Illinois Tech Hosts U.S. Secretary of Energy for Roundtable on Electric Vehicles
Government and industry leaders and consumer advocates gathered on Illinois Institute of Technology’s campus last week to discuss the future of electric vehicles in a U.S. Department of Energy-led roundtable
Building on its reputation as a hub for pioneering tech advancements and as a nexus to chart the path forward in green energy technology, Illinois Institute of Technology hosted a roundtable discussion on October 12, 2023, highlighting electric vehicles with United States Secretary of Energy Jennifer Granholm, consumer advocates, and leaders of the rental car industry.
Granholm thanked Illinois Tech for hosting the important discussion about the commercial future of electric vehicles, highlighting and applauding the university’s own groundbreaking research in green technology.
“We are grateful to be at Illinois Institute of Technology for this important roundtable and at the Galvin Center for Electricity Innovation. When reading about your vision and its principles for the institute, I was quite inspired by what you had to say and how in tune it is with your mission and why we’re here in Chicago,” said roundtable moderator, Alycia Gilde, the national manager for ZEV (zero-emission vehicle (ZEV) partnerships and engagement for the U.S. Department of Energy’s Vehicle Technologies Office. “The principles spoke to serving a role as an engine for opportunity, being a national leader in economic mobility, fueling the future of innovation, and exemplifying purpose-driven citizenship for local communities.”
Illinois Tech President Raj Echambadi introduced the roundtable discussion and highlighted three of the university’s researchers and their innovations in the field of EVs and green tech: Henry R. Linden Professor of Engineering Hamid Arastoopour, who also serves as director of the Wanger Institute for Sustainable Energy Research (WISER); Professor Matthew Spenko, one of the leaders of Illinois Tech’s team in the DOE’s EcoCAR EV Challenge, a four-year collegiate automotive-engineering competition that is also sponsored by General Motors and MathWork; and Assistant Professor Mohammad Asadi, whose novel lithium-air battery design was recently published in the journal Science and has the potential to store four times more energy than current technology, revolutionizing the capabilities of electrified transportation.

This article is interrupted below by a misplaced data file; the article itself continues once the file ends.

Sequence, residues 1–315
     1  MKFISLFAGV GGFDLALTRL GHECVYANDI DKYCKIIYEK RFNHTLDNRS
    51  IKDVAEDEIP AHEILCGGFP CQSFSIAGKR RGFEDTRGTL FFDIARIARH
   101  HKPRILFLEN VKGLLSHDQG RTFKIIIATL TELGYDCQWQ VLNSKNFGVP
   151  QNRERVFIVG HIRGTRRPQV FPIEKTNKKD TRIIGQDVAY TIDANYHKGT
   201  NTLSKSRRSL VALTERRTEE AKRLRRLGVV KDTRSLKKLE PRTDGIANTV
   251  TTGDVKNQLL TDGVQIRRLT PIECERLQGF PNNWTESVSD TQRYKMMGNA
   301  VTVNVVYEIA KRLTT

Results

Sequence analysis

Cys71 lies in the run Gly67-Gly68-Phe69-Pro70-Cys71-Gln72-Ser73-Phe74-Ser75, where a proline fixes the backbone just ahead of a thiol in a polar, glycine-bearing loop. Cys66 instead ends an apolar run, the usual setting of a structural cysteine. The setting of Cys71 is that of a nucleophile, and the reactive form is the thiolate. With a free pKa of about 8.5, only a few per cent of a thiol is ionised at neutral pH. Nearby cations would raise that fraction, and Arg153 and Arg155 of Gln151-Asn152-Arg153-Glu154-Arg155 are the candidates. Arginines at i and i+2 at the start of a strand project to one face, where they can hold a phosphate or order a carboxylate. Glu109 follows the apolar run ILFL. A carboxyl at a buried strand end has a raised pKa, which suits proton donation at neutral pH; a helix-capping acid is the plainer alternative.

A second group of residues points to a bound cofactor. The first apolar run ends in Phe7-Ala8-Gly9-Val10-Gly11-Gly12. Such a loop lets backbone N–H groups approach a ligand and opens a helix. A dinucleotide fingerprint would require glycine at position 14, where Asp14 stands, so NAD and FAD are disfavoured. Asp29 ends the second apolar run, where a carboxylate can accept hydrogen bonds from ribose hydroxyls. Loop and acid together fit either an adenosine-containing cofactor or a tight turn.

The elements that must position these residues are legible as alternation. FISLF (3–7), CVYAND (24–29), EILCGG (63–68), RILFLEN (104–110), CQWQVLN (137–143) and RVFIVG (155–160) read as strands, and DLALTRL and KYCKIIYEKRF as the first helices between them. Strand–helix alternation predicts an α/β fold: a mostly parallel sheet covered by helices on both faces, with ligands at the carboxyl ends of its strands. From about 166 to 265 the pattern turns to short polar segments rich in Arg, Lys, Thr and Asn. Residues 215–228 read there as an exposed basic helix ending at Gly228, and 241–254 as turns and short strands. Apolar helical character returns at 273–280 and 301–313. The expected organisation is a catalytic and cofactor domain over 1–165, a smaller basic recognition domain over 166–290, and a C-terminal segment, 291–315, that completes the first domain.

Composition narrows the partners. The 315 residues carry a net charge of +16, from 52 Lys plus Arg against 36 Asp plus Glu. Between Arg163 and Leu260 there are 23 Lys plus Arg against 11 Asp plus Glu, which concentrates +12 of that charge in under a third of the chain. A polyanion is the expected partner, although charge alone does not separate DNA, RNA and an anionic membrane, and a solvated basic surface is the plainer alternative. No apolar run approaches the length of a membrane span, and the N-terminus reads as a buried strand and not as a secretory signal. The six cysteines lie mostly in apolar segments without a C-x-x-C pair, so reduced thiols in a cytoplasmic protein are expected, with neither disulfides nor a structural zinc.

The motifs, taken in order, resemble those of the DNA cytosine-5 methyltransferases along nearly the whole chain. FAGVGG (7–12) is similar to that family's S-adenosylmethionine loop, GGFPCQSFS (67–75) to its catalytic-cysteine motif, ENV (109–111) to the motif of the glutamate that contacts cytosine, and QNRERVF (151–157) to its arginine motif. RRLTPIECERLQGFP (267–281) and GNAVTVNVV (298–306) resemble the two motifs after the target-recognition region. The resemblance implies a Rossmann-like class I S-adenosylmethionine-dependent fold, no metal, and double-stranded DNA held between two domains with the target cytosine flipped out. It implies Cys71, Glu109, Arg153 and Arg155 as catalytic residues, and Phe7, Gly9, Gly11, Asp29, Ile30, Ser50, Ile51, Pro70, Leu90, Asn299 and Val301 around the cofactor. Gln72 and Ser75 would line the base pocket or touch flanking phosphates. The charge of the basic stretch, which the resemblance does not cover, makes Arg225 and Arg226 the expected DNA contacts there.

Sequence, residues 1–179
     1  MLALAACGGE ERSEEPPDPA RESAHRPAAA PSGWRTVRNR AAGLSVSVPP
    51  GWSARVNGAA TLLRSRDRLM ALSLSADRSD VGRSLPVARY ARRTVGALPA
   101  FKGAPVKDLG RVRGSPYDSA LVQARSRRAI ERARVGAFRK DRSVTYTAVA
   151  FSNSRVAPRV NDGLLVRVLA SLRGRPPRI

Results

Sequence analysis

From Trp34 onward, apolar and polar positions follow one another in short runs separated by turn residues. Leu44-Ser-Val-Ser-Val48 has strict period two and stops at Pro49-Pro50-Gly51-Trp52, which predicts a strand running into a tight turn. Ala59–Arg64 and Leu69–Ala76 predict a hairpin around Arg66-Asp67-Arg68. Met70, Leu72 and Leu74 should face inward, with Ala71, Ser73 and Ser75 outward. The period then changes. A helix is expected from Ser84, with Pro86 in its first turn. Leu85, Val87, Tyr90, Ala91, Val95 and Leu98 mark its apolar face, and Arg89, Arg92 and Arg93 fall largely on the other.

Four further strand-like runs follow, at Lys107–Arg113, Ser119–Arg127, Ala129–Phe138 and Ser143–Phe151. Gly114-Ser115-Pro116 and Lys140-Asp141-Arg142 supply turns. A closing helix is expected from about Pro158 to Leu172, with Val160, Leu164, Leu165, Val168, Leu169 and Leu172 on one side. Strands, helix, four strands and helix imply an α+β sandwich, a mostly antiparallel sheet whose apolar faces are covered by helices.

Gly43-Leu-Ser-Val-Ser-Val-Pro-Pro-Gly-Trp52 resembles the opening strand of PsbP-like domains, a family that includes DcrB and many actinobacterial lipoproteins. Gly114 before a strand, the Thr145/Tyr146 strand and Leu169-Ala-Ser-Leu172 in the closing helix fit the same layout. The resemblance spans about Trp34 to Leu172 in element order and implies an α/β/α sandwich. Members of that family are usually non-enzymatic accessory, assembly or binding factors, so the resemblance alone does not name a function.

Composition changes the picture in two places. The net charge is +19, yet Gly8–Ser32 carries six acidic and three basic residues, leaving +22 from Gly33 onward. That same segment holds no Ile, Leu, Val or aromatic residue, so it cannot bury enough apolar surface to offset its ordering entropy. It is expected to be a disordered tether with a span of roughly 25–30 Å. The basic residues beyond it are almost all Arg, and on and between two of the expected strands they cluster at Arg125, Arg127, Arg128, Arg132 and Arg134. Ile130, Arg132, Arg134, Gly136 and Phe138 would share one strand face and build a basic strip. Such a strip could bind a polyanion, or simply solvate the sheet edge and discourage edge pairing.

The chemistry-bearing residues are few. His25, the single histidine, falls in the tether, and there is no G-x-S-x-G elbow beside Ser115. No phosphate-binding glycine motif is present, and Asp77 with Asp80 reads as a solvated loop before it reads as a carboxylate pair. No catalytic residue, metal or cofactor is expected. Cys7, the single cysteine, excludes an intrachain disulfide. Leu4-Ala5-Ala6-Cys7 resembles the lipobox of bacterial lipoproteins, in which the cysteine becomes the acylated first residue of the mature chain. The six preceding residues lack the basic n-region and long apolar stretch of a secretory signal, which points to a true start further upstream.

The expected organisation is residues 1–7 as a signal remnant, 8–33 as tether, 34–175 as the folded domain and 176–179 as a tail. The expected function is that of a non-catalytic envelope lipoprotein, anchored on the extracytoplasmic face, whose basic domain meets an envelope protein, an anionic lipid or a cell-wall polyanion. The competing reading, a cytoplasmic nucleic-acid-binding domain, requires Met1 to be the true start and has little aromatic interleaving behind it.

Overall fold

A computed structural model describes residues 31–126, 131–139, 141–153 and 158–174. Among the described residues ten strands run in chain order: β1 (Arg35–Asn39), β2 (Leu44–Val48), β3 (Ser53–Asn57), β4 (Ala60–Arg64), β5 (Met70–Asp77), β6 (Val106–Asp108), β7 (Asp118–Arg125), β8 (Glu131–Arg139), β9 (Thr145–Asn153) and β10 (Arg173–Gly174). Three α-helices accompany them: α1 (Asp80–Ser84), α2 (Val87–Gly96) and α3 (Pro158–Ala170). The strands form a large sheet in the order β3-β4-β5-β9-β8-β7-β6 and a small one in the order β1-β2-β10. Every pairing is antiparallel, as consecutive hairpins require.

“It was an honor to host this roundtable with Secretary Granholm and leaders in industry. This is well-deserved recognition of Illinois Tech as a leader in sustainable energy research and the work of our incredible faculty,” Echambadi said after the event. “As Illinois Tech continues its legacy as a catalyst for innovation, it’s inspiring to see meaningful collaboration between government, academia, and industry to address some of the world’s greatest challenges.”
Granholm highlighted the importance of the rental vehicle industry for the future of EVs, noting that rental cars are often the first experience that consumers have with them, and she praised industry leaders’ eagerness to electrify their fleets and ensure that EVs are available for their customers. Granholm outlined the National Electric Vehicle Infrastructure plan, a $5 billion project to help states build EV charging sites, including about 150 million in Illinois over five years.
Also participating in the roundtable were representatives of the American Car Rental Association, who acknowledged the Biden administration’s investments into EV infrastructure and voiced optimism about the future of electric vehicles.
Following the discussion, Granholm and her team visited the Bronzeville Microgrid, where she spoke with community leaders and Illinois Tech experts about microgrid technology.
Granholm’s visit to Illinois Tech’s campus was arranged through University Distinguished Professor Mohammad Shahidehpour, director of the Galvin Center for Electricity Innovation and associate director of WISER. Shahidehpour has worked closely with the Department of Energy—including securing an $8 million grant for the development of Illinois Tech’s own microgrid.
Illinois Tech’s microgrid was one of the first functional smart-campus microgrids in the country and has become a paradigm for other microgrids that have followed. It has saved Illinois Tech $10 million over 10 years, including an average of $200,000 per year in energy savings, and has provided reliable, sustainable power on campus while serving as an invaluable learning resource for Illinois Tech students and the greater Chicago community.
“Secretary Granholm’s recognition of the innovations developed here at Illinois Tech is humbling and invigorating,” said Shahidehpour. “Illinois Tech’s research into microgrids and sustainable energy has always been driven by an aspiration to create a transformative impact on our communities and the broader environment. Secretary Granholm’s visit has underscored the tremendous potential and vital importance of our work, ensuring that we continue to push the boundaries of what’s possible in energy research for the betterment of society.”
Photo: Illinois Tech President Raj Echambadi, left, participates in a roundtable discussion on electric vehicles and the rental car industry with U.S. Secretary of State Jennifer Granholm, right. To Echambadi’s left are Shonna Jackson from U.S. Congressman Jonathan L. Jackson (D-1st)’s office; Kara Eastman, a representative from the National Consumers League; Damon Aldrich and Mike Filomena from Enterprise Holdings; and Alycia Gilde, national manager for ZEV partnerships and engagement with the Department of Energy’s Vehicle Technologies Office, who moderated the discussion.